Johnson’s London Dictionary: Trafalgar Square

TRAFALGAR SQUARE (n.) Large piazza that doth remind gallic peoples just who once ruled the waves.

Dr. Johnson’s London Dictionary for publick consumption in the twenty-first century avail yourself on Twitter @JohnsonsLondon

The London Grill: Adrian Brune

We challenge our contributors to reply to ten devilishly probing questions about their London and we don’t take “Sorry Gov” for an answer. Everyone sitting in the hot seat they will face the same questions ranging from their favourite way to spend a day out in the capital to their most hated building on London’s skyline to find out what Londoners think about their city. The questions are the same but the answers vary wildly.

Since 2001, A.M. Brune has reported and written hundreds of freelance newspaper, magazine and website articles – from pitch to print – for publications, such as the New Yorker, The Guardian, Air Mail, the Spectator and others on a variety of topics, including world affairs and culture and social justice. She moved to London in 2021 after 20 years in New York. On Substack she regularly writes A Letter from London, she also be found on her website.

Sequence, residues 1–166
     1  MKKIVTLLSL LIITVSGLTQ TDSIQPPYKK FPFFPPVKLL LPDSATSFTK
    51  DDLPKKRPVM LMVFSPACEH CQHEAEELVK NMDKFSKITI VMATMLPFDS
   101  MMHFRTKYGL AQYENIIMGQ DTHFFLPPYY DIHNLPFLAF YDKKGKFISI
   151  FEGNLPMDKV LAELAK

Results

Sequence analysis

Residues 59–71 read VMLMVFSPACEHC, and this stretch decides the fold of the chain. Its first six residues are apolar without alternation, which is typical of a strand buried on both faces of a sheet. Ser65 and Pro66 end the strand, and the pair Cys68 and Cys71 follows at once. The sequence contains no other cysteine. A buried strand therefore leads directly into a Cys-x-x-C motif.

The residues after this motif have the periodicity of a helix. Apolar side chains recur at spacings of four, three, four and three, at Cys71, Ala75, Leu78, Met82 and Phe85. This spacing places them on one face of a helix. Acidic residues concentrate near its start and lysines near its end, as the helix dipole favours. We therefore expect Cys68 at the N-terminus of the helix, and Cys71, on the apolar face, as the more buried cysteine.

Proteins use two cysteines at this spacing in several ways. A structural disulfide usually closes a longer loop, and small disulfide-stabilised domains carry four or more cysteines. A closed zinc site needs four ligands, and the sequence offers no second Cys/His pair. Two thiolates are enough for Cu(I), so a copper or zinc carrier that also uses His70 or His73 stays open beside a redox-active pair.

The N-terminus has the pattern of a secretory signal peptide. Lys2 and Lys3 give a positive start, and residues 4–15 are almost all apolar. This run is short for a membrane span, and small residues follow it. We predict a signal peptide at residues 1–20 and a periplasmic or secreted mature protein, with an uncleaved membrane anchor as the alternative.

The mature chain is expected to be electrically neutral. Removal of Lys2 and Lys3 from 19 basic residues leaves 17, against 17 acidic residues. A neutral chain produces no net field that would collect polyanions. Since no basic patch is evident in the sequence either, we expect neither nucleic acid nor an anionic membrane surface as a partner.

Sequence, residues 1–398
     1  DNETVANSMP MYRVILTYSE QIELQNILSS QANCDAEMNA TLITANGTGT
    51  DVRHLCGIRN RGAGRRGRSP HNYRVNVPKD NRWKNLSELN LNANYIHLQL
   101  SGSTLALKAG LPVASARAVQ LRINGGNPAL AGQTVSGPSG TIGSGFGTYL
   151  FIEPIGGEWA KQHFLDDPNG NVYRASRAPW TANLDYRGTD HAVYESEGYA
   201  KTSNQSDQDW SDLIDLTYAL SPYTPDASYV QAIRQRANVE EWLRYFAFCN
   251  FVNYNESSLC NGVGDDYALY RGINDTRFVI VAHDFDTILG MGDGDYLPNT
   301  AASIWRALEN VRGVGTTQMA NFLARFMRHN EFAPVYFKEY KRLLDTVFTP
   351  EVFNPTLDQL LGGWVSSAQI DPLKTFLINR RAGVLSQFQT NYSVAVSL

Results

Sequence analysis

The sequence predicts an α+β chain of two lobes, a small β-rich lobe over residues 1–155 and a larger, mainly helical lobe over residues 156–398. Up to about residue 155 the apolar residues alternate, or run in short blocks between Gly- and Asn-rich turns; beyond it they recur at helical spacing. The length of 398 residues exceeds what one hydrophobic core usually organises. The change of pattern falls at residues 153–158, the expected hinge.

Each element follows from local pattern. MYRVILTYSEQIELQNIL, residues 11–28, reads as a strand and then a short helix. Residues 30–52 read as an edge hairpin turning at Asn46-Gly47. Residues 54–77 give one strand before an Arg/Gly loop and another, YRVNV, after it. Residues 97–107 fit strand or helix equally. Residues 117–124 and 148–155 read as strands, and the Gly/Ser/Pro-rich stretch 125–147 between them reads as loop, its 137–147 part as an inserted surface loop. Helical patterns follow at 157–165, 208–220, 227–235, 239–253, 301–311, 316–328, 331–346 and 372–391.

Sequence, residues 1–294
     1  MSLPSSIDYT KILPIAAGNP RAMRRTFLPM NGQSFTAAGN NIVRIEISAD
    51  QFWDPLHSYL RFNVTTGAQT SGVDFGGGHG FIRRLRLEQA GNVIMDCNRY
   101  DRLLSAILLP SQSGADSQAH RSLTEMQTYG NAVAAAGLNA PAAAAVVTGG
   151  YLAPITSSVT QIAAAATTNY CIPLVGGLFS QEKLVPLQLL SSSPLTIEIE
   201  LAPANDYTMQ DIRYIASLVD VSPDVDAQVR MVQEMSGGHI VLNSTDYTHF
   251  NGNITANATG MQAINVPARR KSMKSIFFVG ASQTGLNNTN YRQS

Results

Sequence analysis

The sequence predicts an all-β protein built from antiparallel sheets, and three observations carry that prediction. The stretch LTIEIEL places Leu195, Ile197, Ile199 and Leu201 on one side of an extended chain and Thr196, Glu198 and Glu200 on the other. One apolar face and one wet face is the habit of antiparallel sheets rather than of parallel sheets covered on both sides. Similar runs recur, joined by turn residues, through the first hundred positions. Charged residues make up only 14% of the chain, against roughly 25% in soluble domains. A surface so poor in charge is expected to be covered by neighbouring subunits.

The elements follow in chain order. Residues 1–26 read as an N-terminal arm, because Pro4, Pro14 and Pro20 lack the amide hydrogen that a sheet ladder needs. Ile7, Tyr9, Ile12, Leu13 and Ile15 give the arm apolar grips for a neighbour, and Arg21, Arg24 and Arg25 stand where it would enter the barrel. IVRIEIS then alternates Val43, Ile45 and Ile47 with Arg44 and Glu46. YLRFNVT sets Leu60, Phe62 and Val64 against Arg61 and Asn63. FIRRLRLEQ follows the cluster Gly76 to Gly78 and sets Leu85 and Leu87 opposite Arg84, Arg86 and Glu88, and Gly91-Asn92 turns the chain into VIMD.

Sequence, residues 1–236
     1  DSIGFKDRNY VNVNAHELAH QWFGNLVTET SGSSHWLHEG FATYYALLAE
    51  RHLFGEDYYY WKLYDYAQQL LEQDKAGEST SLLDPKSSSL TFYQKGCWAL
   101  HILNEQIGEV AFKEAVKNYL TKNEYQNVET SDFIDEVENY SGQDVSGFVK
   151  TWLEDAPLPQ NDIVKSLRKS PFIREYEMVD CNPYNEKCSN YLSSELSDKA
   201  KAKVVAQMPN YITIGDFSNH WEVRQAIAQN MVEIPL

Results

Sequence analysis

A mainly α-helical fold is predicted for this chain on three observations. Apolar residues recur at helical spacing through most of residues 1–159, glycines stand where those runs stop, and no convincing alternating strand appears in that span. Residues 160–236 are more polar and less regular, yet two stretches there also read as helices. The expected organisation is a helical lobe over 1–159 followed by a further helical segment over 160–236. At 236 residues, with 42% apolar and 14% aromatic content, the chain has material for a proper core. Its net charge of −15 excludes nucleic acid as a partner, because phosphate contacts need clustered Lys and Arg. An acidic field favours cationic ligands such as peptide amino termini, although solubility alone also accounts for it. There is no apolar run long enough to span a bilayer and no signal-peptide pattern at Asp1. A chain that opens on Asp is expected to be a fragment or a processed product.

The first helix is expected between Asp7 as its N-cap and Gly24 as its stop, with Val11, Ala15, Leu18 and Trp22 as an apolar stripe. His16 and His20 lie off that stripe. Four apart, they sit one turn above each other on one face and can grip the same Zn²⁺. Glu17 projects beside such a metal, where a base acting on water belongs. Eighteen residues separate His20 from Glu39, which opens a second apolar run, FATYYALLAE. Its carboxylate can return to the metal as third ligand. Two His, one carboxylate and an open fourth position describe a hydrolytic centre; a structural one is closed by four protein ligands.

What’s your secret London tip?

Buy an electric bicycle. It is so much faster and easier than public transport, Uber and — am sorry, Black cabbies, who are the oracles of the city — Black cabs.

What’s your secret London place?

I love strolling down the London canals in Islington and Hackney. It’s so cool to see all the floating homes.

What’s your biggest gripe about London?

When people from other places say “wow, you live in London — must be overwhelming,” I want to reply, “People, I lived in New York City for 20 years!” London, as busy as it may be, has nothing on New York. London is civility; New York is chaos.

What’s your favourite building?

The original Twinings Tea Shop on Strand, or the Michelin House restaurant on Fulham Road. Can’t beat the Art Deco and Nouveau architecture.

What’s your most hated building?

The Tate Modern. Such an ugly building on the outside and so annoyingly confusing inside.

What’s the best view in London?

Greenwich Park.

What’s your personal London landmark?

The All-England Lawn Tennis and Croquet Club. I always dreamt of playing tennis there as a kid and I am always in awe visiting every tournament.

What’s London’s best film, book or documentary?

Film: Notes on a Scandal; Book: Julian Barnes, The Sense of an Ending; Documentary: Amy because it showed Camden in its heyday.

What’s your favourite restaurant?